Funding was provided by the National Science Foundation and the National Institute of Standards and Technology through the Nanoelectronics Research Initiative.

####

For more information, please click here

Contacts:
James E. Kloeppel
Physical Sciences Editor
217-244-1073


Eric Pop
217-244-2070

Copyright © University of Illinois at Urbana-Champaign

If you have a comment, please Contact us.

Issuers of news releases, not 7th Wave, Inc. or Nanotechnology Now, are solely responsible for the accuracy of the content.

Bookmark:
Delicious Digg Newsvine Google Yahoo Reddit Magnoliacom Furl Facebook

Related News Press

News and information

Using ultrathin sheets to discover new class of wrapped shapes: UMass Amherst materials researchers describe a new regime of wrapped shapes August 31st, 2015

New material science research may advance tech tools August 31st, 2015

Efficiency of Nanodrug Containing Antibiotics in Treatment of Infectious Diseases Evaluated August 31st, 2015

Researchers use DNA 'clews' to shuttle CRISPR-Cas9 gene-editing tool into cells August 30th, 2015

Govt.-Legislation/Regulation/Funding/Policy

An engineered surface unsticks sticky water droplets August 31st, 2015

New material science research may advance tech tools August 31st, 2015

Seeing quantum motion August 30th, 2015

Artificial leaf harnesses sunlight for efficient fuel production August 30th, 2015

Chip Technology

Nanometrics to Participate in the Citi 2015 Global Technology Conference August 26th, 2015

Kwansei Gakuin University in Hyogo, Japan, uses Raman microscopy to study crystallographic defects in silicon carbide wafers August 25th, 2015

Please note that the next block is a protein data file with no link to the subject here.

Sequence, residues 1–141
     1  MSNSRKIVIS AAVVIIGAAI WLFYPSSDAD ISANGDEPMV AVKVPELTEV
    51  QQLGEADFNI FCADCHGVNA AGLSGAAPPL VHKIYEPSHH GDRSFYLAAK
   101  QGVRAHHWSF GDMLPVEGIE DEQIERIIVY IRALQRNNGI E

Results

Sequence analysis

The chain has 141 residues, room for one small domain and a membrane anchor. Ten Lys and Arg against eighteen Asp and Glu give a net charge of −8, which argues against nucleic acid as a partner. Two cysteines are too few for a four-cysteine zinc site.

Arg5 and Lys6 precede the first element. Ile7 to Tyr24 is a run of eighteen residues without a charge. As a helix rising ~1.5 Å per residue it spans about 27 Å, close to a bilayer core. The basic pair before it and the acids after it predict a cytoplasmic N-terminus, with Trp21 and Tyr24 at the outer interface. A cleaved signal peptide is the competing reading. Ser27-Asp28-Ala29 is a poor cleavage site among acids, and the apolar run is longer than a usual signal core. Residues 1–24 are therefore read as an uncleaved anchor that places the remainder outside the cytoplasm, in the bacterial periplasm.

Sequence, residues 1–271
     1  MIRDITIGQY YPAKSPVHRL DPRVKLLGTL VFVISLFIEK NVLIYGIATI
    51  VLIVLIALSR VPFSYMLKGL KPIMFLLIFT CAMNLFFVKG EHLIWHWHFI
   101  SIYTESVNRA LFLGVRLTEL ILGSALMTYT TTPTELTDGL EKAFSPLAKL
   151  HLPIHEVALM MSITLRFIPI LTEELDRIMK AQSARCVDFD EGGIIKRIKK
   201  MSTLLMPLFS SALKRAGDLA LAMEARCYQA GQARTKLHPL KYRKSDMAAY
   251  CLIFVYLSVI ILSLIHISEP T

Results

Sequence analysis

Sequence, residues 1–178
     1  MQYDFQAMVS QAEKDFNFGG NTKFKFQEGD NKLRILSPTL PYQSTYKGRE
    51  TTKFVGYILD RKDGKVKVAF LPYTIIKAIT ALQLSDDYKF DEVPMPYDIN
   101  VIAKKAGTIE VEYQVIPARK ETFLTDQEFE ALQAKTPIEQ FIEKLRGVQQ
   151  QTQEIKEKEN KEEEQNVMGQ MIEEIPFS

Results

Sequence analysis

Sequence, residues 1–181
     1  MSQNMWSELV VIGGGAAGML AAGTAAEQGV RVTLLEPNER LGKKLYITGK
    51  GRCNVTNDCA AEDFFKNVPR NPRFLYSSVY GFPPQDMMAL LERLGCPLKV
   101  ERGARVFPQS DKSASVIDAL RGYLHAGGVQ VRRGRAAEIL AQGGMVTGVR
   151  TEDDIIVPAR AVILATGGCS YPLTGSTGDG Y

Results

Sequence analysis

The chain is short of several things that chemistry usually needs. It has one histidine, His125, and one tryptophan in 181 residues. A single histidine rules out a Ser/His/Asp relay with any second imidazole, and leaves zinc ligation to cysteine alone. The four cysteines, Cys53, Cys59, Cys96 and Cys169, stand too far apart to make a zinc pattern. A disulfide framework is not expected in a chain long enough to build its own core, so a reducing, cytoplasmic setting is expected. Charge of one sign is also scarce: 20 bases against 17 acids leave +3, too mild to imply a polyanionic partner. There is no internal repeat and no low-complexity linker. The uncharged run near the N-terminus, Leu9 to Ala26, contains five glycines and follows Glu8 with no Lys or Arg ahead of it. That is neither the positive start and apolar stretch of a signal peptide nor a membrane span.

A little light interaction leaves quantum physicists beaming August 25th, 2015

'Magic' sphere for information transfer: Professor at the Lomonosov Moscow State University made the «magic» sphere for information transfer August 24th, 2015

Nanotubes/Buckyballs/Fullerenes

Developing Component Scale Composites Using Nanocarbons August 26th, 2015

Southampton scientists find new way to detect ortho-para conversion in water August 25th, 2015

Revolutionary MIT-Developed Nanotechnology Company Showcases at CAMX in Dallas August 20th, 2015

Engineering a better 'Do: Purdue researchers are learning how August 4th, 2015

Nanoelectronics

Nanotechnology that will impact the Security & Defense sectors to be discussed at NanoSD2015 conference August 25th, 2015

'Quantum dot' technology may help light the future August 19th, 2015

Surprising discoveries about 2-D molybdenum disulfide: Berkeley Lab researchers use award-winning campanile probe on promising semiconductor August 15th, 2015

Better together: Graphene-nanotube hybrid switches August 3rd, 2015

Discoveries

Using ultrathin sheets to discover new class of wrapped shapes: UMass Amherst materials researchers describe a new regime of wrapped shapes August 31st, 2015

An engineered surface unsticks sticky water droplets August 31st, 2015

New material science research may advance tech tools August 31st, 2015

Efficiency of Nanodrug Containing Antibiotics in Treatment of Infectious Diseases Evaluated August 31st, 2015

Announcements

Using ultrathin sheets to discover new class of wrapped shapes: UMass Amherst materials researchers describe a new regime of wrapped shapes August 31st, 2015

An engineered surface unsticks sticky water droplets August 31st, 2015

New material science research may advance tech tools August 31st, 2015

Efficiency of Nanodrug Containing Antibiotics in Treatment of Infectious Diseases Evaluated August 31st, 2015

NanoNews-Digest
The latest news from around the world, FREE



  Premium Products
NanoNews-Custom
Only the news you want to read!
 Learn More
NanoTech-Transfer
University Technology Transfer & Patents
 Learn More
NanoStrategies
Full-service, expert consulting
 Learn More











ASP
Nanotechnology Now Featured Books




NNN

The Hunger Project







Car Brands
Buy website traffic